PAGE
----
It would probably be fine to just add a little more honey and leave them out, right?

    Fond memories of summer camp, where they served 12 helpings of rhubarb to 12 fussy kids, and I was the only one who ate it. All of it. It was so worth it, despite the near-death feeling. Rhubarb is amazing.

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  • Jodymae03

    what size pan did you use?

  • Cartoonguy_99

    Never mess with another man’s rhubarb.

  • Mike Osborn

    I sincerely hope that others pick up on the qualities of Rhubarb. There are dozens of ways to prepare, both as a dessert and side dish. It’s inexpensive, delicious and good for you. All I can say about most posters here is that they must be a lot younger and probably “city folks.”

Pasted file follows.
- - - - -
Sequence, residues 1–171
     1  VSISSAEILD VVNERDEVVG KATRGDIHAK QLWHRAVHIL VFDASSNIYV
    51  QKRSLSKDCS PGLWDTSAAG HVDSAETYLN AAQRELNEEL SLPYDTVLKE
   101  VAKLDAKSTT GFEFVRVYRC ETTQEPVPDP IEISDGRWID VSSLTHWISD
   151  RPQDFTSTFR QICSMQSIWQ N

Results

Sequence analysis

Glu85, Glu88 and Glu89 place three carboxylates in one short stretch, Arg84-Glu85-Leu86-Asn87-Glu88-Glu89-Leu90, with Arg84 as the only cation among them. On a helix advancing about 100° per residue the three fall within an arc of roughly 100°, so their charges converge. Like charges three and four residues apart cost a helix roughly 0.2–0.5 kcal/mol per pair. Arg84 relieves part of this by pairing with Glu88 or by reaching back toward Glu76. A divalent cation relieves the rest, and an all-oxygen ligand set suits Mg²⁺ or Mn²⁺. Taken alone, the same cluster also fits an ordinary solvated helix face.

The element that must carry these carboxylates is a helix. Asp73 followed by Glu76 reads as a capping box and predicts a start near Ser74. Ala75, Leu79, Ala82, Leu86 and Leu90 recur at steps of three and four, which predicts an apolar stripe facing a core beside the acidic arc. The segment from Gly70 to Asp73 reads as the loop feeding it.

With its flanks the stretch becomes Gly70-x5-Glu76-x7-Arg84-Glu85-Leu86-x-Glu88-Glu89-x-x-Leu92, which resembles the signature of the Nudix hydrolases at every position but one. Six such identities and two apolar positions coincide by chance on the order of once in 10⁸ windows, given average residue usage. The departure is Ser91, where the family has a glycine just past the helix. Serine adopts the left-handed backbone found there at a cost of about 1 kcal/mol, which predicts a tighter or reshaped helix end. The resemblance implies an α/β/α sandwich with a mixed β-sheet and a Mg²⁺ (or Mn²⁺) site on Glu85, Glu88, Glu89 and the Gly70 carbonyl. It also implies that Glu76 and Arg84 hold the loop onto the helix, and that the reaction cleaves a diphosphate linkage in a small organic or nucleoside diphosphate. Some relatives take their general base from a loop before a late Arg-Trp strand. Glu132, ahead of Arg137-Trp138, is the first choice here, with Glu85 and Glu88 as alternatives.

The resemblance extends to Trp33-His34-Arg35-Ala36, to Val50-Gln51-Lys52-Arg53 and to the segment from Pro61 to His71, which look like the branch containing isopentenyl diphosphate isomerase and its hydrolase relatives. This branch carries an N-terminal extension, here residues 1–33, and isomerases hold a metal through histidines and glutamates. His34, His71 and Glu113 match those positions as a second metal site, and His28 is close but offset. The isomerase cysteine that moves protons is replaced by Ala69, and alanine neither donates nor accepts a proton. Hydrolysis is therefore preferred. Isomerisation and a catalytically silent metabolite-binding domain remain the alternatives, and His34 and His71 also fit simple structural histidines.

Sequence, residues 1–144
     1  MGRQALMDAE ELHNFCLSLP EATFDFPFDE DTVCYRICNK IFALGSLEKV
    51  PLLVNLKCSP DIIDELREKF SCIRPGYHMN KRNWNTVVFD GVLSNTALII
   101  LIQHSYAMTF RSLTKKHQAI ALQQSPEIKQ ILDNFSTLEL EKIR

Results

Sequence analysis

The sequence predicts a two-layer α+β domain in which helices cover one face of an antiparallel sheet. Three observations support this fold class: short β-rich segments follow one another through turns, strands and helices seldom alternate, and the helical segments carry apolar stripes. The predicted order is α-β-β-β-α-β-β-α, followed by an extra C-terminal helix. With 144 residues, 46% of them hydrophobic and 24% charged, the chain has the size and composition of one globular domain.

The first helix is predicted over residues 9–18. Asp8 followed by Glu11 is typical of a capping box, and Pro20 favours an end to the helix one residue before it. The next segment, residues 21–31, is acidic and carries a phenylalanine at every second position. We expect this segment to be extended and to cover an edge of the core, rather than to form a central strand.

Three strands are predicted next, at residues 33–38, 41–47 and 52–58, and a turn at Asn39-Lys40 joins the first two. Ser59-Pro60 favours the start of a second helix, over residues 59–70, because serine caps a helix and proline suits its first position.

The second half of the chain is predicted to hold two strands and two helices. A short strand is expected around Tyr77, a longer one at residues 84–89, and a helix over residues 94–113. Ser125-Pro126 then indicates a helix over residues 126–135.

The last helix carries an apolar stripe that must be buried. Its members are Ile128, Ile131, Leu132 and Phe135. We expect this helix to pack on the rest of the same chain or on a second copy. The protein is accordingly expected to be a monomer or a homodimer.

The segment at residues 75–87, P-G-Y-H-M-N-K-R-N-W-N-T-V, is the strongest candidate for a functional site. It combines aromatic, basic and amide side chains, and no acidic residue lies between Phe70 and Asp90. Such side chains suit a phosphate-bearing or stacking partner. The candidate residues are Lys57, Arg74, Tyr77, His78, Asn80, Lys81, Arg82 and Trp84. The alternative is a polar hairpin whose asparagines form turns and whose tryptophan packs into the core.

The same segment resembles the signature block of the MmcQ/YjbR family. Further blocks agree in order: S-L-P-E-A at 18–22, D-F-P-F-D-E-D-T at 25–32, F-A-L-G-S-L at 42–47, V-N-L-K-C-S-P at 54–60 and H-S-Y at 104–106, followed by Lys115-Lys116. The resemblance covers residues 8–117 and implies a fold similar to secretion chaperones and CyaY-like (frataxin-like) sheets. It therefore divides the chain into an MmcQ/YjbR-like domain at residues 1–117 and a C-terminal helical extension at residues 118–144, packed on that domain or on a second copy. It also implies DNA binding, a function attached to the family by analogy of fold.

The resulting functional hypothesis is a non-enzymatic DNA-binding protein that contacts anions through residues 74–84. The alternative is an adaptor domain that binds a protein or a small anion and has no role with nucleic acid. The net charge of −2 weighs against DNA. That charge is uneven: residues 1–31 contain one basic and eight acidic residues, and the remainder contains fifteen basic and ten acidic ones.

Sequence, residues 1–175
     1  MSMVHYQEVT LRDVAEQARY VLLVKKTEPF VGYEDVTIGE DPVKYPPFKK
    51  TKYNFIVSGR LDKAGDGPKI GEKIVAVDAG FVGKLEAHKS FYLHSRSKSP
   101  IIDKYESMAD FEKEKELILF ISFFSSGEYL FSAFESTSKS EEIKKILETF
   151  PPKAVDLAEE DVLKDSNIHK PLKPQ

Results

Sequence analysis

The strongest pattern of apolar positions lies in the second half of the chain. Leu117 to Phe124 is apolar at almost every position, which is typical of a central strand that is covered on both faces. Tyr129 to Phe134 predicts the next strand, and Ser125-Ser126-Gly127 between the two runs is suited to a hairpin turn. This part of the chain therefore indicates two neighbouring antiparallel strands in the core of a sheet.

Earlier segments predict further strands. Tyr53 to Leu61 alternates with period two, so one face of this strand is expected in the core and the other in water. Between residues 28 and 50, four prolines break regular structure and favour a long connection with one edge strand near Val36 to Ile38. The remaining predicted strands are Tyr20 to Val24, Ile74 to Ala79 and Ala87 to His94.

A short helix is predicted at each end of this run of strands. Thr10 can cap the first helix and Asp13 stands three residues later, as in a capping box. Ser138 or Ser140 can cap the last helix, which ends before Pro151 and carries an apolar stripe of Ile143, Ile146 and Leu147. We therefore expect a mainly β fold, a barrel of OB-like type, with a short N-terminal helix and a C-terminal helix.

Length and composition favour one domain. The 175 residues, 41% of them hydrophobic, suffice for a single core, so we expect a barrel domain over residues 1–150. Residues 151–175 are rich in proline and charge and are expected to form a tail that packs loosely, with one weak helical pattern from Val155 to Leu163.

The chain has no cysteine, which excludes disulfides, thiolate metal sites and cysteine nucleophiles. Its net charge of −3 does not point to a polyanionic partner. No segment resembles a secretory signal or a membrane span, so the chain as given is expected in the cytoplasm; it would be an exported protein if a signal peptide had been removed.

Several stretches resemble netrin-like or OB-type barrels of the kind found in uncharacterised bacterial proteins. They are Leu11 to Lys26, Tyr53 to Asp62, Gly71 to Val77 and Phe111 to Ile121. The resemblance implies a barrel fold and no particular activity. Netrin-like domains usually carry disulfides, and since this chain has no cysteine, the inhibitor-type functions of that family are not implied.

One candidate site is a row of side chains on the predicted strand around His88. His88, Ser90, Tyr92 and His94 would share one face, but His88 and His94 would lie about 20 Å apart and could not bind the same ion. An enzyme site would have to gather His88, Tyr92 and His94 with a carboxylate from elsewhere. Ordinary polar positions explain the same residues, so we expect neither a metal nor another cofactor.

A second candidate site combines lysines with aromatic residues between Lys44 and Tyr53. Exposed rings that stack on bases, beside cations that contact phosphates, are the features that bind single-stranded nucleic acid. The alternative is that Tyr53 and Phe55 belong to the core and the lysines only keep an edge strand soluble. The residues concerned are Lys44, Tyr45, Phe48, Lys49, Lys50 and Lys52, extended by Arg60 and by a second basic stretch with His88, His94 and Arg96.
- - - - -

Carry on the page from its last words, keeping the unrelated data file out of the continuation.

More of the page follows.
I’d like to second Simba’s comment about skipping the strawberries, though it’s really a personal thing. Some folks can’t imagine a Rhubarb Pie, but a Strawberry-Rhubarb? Sure! I’ve had both and prefer the “sweet and sour” Rhubarb and the flavor is not over-run by strawberries.
    I’m now retired to the highlands of Central Mexico and Rhubarb is just about as strange a vegetable down here as Nopales or Chayote would be in the north. Might have to start growing my own!